I’m not going to ask you to fit one more thing into your busy schedule, because whenever I see recommendations and lists of things to do, it just tends to overwhelm me. I am a true believe in doing what works for you. But I will say this: unstructured time really is the best thing.

 

 

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Learning how to roll with it

I had one of my worst interviews ever a while back, which also turned out to be one of the most important in my study on men opting out.

A friend of mine put me in touch with a man who opted out of a career to become a chiropractor. He had graciously agreed to participate in my study and the next step was for me to contact him in order to set up an interview. Well, that sounds easy enough, but this guy turned out to be very busy and getting a hold of him was extremely difficult. Finally after what was literally months, he suggested a time to meet. Fantastic! The timing wasn’t optimal for me but no problem; with some minor rearranging in my schedule I made it work.

So we had a time, so far so good! However, he didn’t want to meet in any of the places I suggested (interviews are good to conduct in quiet and private places so that the interviewee can speak openly and freely without worrying about anyone else hearing), he wanted to meet in a shopping mall that was on the way for him between appointments. At this point I thought I need to take whatever I can get and agreed.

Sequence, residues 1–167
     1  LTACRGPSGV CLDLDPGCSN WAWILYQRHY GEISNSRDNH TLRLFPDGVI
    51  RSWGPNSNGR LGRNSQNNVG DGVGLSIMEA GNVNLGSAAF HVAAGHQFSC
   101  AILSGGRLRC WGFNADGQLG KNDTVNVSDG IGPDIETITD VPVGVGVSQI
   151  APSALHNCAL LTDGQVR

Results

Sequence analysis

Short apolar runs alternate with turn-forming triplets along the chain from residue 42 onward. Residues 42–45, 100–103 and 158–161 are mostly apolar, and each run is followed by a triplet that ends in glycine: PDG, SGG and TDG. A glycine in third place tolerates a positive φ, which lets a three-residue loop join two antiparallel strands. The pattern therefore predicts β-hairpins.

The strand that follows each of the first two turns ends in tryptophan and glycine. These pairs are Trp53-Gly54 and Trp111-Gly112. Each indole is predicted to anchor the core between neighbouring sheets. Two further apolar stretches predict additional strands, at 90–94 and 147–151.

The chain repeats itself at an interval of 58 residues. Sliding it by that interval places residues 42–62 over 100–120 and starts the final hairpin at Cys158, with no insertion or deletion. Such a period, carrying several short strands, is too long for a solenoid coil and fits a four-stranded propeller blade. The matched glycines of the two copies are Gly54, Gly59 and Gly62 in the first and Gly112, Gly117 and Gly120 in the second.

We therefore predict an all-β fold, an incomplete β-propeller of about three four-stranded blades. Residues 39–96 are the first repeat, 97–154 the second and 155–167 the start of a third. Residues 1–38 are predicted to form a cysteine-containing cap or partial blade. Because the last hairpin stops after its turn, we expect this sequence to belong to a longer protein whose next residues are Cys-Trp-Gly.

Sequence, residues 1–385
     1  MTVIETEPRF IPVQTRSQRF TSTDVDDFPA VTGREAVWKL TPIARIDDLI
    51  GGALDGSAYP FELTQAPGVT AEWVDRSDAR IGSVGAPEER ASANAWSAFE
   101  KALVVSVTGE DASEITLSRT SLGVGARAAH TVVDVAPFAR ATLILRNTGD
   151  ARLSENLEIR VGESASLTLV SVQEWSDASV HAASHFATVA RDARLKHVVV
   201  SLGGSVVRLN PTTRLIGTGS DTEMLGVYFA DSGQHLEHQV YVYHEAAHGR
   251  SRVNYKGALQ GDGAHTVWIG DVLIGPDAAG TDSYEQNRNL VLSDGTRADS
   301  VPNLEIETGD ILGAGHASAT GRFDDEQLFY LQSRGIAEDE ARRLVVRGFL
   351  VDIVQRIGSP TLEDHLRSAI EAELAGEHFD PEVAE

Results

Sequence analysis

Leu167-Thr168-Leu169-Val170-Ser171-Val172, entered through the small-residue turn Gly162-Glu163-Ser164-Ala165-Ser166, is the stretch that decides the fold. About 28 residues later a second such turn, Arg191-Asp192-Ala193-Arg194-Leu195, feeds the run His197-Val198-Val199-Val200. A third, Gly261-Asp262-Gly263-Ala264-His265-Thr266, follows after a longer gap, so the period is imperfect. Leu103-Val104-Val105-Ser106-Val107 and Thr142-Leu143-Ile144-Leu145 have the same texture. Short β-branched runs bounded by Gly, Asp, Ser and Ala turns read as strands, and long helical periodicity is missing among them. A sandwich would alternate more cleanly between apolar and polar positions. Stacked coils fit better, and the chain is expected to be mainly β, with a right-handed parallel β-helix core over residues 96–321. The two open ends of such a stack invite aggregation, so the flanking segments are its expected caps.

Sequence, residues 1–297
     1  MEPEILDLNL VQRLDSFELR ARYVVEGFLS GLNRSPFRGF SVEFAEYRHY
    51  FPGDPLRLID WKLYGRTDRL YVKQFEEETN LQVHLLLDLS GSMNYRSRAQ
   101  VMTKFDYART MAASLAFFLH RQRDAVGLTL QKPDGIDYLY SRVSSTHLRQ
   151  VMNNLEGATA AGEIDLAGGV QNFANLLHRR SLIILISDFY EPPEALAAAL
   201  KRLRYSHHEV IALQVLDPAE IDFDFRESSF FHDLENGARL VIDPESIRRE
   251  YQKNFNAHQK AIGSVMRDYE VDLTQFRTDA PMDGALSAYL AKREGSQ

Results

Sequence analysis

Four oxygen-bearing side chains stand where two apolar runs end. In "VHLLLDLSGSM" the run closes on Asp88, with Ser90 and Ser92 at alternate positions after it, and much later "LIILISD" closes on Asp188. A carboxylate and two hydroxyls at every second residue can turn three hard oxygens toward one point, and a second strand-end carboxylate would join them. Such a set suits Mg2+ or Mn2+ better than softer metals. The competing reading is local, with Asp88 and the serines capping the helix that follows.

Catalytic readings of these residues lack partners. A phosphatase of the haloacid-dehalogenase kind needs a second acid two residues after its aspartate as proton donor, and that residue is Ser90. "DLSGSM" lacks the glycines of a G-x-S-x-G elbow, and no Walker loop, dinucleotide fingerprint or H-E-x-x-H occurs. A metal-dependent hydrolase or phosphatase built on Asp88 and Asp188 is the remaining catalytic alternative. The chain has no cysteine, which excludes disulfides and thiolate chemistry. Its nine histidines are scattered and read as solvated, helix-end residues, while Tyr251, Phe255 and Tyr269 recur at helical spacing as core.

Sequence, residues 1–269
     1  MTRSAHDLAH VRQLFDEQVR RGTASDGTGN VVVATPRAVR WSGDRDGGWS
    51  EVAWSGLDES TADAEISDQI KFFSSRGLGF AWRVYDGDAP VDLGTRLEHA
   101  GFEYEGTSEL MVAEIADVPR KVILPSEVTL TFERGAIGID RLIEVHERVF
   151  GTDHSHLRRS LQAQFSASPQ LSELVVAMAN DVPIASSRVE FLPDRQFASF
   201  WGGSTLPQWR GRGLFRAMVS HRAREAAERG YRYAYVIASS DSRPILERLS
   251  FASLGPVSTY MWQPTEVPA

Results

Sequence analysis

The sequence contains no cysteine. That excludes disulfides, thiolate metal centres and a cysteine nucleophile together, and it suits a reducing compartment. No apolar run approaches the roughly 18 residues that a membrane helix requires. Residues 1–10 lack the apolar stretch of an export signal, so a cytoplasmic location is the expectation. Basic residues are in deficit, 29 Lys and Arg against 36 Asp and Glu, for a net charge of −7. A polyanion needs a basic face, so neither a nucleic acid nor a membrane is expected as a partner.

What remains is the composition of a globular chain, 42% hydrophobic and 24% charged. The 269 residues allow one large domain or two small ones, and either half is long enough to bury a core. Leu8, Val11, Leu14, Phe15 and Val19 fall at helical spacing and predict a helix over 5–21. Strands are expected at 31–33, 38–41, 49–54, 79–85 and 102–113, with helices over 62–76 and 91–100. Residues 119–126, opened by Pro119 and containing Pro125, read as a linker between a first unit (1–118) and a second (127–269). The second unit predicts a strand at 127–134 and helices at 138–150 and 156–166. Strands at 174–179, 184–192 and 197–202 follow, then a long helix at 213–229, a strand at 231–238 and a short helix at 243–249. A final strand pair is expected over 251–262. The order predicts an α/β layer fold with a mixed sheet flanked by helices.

The next day I drove to said shopping mall to see if there was a café with any remotely private corners or nooks where we could conduct the interview and I found one which actually didn’t seem so bad. I was very pleased; finally this was going to happen! He said he only had an hour, but being the seasoned interviewer that I am, this didn’t worry me. An hour is fine; much data can be collected in 60 minutes.

Well, the day finally came and I set off to the shopping mall about 30 minutes ahead of schedule to be sure to get a quiet table. I get there, I order coffee, and I sit down at the table right at the back of the café. It was private, it was quiet, and there really weren’t that many people there either. This seemed like it was going to work out after all.

About 15 minutes into my coffee, the café starts to fill up (who knew this café was so popular?!) and music starts playing, pretty loudly I might add. The minutes pass and I look at my watch. It’s time. He should be here. I realize I have no idea what this man looks like but right then a man walks in. I stand up and he walks over to the table next to mine where someone is waiting for him. False alarm. I sit down and wait. It’s five past by now and my phone rings. It’s him. He says he’ll be there in 10 minutes. Argh, that will only leave us with 45 minutes for the interview, but okay that’s fine, it’s better than nothing.